We need not discuss the first and second prongs of these tests as it is necessary to meet all three prongs and the Bowmans fail the third prong of both tests. The Bowmans contend that any appeal following final judgment will involve only the propriety of any forfeiture judgment and will not address the lawfulness of the seizure prior to final judgment. The Government responds that the propriety of the seizure would not be unreviewable on appeal following final judgment. We agree with the Government.

What makes an issue "effectively unreviewable on appeal" is the insufficiency of the remedy after final judgment. See One Parcel of Real Property with Bldgs., Appurtenances & Improvements, 767 F.2d at 1497 (stating that an order is effectively unreviewable after final judgment if it causes irreparable harm in the mean time). In One Parcel of Real Property we stated that the harm that a business might suffer due to loss of goodwill after being prohibited from selling certain items available from competitors in neighboring towns pending a trial regarding the constitutionality of the ordinance proscribing the sale of the items was "irreparable." Id. In that case, the passage of time until trial could increase the injury to goodwill the business might innocently suffer should the ordinance be declared unconstitutional at trial. In contrast, the passage of time will not increase the Bowmans' injury. If on appeal a court finds that there were no exigent circumstances, the Bowmans' injury will span a discrete period of time. The loss of goodwill, the injury the Bowmans claim, is not a factor here, since under no circumstances may the Bowmans recover their property and reopen their business prior to a final judgment in their favor. Therefore, as the remedy discussion demonstrates, a claim of illegal seizure based upon the Government's failure to establish exigent circumstances is effectively reviewable on appeal following final judgment. Hence, we do not have jurisdiction to consider the Bowmans' appeal under either the injunction analogy theory of jurisdiction or the collateral order doctrine.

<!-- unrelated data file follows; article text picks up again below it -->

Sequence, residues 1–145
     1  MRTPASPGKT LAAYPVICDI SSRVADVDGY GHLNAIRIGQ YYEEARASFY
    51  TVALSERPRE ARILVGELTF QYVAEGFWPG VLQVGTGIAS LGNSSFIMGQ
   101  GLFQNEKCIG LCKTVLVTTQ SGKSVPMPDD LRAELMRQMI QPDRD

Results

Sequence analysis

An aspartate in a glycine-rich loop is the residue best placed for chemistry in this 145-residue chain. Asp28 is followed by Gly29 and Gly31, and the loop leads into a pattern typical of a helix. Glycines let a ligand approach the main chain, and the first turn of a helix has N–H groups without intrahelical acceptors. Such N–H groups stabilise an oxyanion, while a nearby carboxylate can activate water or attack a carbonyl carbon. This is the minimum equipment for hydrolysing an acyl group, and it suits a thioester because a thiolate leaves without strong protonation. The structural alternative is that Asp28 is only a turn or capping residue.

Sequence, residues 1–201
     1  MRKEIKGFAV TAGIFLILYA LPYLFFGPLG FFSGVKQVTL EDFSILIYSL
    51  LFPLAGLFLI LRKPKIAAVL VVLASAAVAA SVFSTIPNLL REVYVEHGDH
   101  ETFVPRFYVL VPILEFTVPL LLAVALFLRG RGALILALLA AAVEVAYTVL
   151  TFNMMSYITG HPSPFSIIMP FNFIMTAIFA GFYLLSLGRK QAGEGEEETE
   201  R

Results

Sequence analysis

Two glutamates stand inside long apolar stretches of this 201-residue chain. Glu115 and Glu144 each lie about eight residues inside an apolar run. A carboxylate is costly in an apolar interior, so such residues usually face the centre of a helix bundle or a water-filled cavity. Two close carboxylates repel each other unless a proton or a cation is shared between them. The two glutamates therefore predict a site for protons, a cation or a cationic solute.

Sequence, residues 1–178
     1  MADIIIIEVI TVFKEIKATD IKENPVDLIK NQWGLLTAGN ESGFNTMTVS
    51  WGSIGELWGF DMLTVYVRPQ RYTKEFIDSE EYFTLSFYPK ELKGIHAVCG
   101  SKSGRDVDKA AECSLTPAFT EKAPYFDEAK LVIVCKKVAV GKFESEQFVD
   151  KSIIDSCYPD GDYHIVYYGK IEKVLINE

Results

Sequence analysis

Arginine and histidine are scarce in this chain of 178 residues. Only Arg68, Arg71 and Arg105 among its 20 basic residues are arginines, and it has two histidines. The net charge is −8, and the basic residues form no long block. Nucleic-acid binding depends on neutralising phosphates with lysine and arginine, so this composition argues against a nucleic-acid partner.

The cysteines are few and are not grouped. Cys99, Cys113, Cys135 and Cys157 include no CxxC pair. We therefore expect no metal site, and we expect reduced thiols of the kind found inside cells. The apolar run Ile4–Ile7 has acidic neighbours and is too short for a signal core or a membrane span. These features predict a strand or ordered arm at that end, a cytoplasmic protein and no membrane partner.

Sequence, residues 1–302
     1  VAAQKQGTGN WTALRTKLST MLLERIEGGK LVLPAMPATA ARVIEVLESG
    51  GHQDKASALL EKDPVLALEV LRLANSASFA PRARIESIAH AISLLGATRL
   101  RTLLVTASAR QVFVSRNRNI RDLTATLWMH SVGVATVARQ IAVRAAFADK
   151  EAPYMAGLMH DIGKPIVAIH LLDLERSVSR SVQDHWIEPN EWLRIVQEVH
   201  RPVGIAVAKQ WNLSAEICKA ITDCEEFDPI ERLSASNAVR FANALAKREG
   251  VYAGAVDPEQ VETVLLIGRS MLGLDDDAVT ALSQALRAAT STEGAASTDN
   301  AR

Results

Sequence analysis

CONCLUSION

For the foregoing reasons, we hold that the remedy for an illegal ex parte seizure based on the Government's failure to establish exigent circumstances, where the Government is able to establish probable cause to believe the property is connected to crime at the post-seizure adversarial hearing, is a recovery by the real property owner of rents or lost profits during the period of illegal seizure, with the Government retaining possession of the property until the forfeiture action is decided on the merits. In this case all of the Bowmans' arguments go to the issue of exigent circumstances, so at best they can hope to recover lost profits. The two theories that could provide jurisdiction require a harm that will be effectively unreviewable after final judgment. An exigent circumstances challenge is effectively reviewable on appeal after final judgment in the forfeiture action. The passage of time will not increase the injury the Bowmans suffer if their property was illegally seized because the probable cause finding terminated the period of illegal seizure. Therefore, we lack interlocutory appellate jurisdiction under either the injunction analogy or the collateral order doctrine as the Bowmans' challenges fail the third prongs of these doctrines. Thus, we do not address the merits and dismiss this appeal.

APPEAL DISMISSED.

BARKETT, Circuit Judge, dissenting:

I believe that under either the "injunction analogy" approach or the collateral order doctrine we have jurisdiction to hear this appeal because the proper remedy for a violation of the Civil Asset Forfeiture Reform Act of 2000's ("CAFRA") ex parte seizure provision is the return of the property to its owner. Denying the Bowmans possession of their property will result in a loss of the business' goodwill, which is an irreparable harm that is effectively unreviewable on final appeal. Thus, this Court may properly exercise jurisdiction over the case.1 See Florida Businessmen for Free Enterprise v. City of Hollywood, 648 F.2d 956, 958 n. 3 (5th Cir.1981).2